Czech Gripen fighters train with Alliance sailors
KEFLAVIK, Iceland - The Czech JAS-39 Gripen fighter detachment, currently conducting NATO's mission providing air interception capabilities for Iceland, started the second week of their stay practicing air-maritime integration on Monday, October 17th.
The Gripen pilots executed joint missions with the Danish patrol boat Thetis, the French frigate Languedoc and the Icelandic Coast Guard ship Thor, as well as the vessels' on-board helicopters.
"We were invited to participate in this exercise, which took place at sea some 80 km southwest of Iceland," said Czech detachment commander in Iceland, Lieutenant Colonel Jaroslav Tomana. "The primary task of our pilots was to perform a simulated assault on the Languedoc, one of the newest ships of the French Navy. Ships of this class are adequately equipped against attacks from the air. So our Gripens were used to challenge the readiness of the crew," he added.
Low-level flying manoeuvres over sea were another rare training occasion for the Czech fighter crews. "Our pilots were able to hone their skills with this important proficiency," said Major Tomas Merta, one of the participating pilots. "Per se, our Gripen jets have a minimum flight level over sea of 30 metres. However, coming from a land-locked country we are not that experienced in this specialty. For safety reasons we therefore applied a minimum flight level of 100 metres."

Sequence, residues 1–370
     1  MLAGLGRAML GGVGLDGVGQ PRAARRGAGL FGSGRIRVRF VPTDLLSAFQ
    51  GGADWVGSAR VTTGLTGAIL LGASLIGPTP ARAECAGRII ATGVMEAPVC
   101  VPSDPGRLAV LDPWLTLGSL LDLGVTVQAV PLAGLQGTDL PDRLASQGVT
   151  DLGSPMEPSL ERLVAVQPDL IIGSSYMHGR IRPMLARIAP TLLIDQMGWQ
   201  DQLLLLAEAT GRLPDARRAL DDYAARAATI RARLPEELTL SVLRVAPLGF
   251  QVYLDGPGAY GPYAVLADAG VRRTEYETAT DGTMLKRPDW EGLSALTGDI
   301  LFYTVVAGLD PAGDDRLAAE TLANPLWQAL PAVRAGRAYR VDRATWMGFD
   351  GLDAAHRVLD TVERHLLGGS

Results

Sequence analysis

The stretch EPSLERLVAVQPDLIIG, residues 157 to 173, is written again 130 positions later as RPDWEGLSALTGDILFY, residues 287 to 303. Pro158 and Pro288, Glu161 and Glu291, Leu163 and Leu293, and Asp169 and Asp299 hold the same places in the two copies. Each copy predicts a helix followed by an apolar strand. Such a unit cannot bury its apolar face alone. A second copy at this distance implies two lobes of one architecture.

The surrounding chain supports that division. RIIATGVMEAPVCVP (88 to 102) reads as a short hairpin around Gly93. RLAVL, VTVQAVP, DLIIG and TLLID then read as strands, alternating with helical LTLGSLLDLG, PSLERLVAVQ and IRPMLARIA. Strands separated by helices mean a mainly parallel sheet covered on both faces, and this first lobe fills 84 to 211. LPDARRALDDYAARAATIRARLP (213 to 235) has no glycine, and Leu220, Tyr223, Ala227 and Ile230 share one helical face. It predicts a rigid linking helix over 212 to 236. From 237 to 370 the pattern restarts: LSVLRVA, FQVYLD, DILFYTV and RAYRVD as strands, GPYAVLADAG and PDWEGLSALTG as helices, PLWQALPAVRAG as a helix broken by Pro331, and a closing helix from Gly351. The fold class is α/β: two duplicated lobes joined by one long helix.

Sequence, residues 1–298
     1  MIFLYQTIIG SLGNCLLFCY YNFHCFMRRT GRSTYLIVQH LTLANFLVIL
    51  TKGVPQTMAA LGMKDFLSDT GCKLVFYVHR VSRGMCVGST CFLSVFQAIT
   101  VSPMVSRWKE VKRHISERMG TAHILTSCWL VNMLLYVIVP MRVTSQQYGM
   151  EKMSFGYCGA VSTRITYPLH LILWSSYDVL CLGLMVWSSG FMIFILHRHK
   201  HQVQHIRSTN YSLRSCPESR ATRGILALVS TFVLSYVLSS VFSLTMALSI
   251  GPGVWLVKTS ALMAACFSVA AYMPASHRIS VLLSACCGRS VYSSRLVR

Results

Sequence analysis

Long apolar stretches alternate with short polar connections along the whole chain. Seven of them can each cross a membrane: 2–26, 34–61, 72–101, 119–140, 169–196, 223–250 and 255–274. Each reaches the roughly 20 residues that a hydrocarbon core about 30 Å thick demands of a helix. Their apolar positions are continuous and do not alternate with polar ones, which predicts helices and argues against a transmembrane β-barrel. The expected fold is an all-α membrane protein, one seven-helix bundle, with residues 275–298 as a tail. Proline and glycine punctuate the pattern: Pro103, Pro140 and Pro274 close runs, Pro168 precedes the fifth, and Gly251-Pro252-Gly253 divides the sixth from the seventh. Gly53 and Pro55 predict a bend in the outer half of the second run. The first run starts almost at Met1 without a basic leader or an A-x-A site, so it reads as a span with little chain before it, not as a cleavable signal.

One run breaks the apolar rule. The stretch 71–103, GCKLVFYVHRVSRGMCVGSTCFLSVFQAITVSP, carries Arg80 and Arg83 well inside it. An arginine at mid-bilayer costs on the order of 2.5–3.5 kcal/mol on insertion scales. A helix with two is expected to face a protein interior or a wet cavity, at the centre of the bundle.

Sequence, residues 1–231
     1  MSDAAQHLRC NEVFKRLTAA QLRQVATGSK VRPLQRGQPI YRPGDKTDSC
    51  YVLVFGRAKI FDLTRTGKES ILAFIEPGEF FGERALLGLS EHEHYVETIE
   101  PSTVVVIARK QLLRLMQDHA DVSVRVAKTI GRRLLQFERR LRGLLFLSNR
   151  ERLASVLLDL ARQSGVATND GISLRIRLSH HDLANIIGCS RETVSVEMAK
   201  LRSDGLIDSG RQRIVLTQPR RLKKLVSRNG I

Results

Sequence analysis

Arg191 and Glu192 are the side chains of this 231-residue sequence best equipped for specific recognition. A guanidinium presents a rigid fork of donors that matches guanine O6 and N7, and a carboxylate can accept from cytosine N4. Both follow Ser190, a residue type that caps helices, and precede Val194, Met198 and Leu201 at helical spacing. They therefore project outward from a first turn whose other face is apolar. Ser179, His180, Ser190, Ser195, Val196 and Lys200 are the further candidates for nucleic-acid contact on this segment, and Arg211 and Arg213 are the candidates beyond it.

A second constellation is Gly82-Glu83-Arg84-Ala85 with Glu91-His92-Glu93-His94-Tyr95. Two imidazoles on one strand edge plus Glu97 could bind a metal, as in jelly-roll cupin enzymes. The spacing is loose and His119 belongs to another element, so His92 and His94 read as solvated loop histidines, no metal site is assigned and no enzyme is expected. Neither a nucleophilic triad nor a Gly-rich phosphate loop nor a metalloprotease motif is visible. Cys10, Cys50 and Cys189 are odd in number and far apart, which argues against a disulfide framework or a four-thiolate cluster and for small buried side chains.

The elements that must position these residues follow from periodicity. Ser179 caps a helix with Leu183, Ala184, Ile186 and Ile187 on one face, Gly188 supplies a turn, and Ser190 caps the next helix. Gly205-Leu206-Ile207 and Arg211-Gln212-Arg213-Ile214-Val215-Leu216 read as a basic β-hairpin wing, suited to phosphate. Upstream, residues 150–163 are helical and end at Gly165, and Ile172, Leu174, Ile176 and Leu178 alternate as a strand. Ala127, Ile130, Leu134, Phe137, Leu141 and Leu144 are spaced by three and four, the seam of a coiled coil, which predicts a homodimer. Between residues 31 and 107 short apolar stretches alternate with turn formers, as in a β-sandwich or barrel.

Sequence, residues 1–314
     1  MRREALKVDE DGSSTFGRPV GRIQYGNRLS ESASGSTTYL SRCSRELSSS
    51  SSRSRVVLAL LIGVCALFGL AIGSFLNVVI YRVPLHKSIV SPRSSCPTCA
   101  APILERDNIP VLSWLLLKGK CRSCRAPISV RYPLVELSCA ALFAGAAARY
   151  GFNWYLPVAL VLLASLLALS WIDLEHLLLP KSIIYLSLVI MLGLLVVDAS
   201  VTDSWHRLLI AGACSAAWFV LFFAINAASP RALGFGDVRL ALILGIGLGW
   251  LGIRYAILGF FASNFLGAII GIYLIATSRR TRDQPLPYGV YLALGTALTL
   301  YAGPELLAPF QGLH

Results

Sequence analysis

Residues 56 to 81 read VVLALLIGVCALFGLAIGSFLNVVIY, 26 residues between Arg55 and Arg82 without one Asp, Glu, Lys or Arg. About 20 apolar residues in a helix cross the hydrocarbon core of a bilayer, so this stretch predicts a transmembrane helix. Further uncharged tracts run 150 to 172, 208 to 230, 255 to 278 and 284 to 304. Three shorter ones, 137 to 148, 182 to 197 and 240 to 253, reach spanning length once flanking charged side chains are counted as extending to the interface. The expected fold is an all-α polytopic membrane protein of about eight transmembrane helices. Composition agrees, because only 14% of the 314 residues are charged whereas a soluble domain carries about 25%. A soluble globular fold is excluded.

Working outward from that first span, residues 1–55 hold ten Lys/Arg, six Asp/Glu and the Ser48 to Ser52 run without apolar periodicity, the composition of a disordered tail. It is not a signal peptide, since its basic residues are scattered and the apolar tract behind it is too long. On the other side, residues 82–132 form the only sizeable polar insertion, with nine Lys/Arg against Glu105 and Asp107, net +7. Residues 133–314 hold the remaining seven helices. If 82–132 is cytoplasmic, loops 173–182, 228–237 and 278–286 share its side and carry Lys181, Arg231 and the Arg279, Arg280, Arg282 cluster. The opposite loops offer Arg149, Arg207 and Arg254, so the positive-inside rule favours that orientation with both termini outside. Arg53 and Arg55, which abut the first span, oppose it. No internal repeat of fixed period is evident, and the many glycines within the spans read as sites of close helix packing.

The whole air-maritime training was hugely beneficial for both air and naval crews. The sailors practiced defence against airborne attacks while fighting a simulated on-board fire. They also conducted evacuation drills with ships, helicopters and speedboats. Meanwhile, the pilots learned what it meant to act against and with the maritime assets.
The Czech JAS-39 Gripen detachment will continue to execute the NATO peacetime mission, demonstrating Alliance solidarity and resolve, in the High North until the end of October. Following this mission, they will rejoin their fellow Gripens at home, to help them ensuring safety and security over the Czech airspace.
Story by Captain Marek Maxim Švancara ASIC IPPN 2016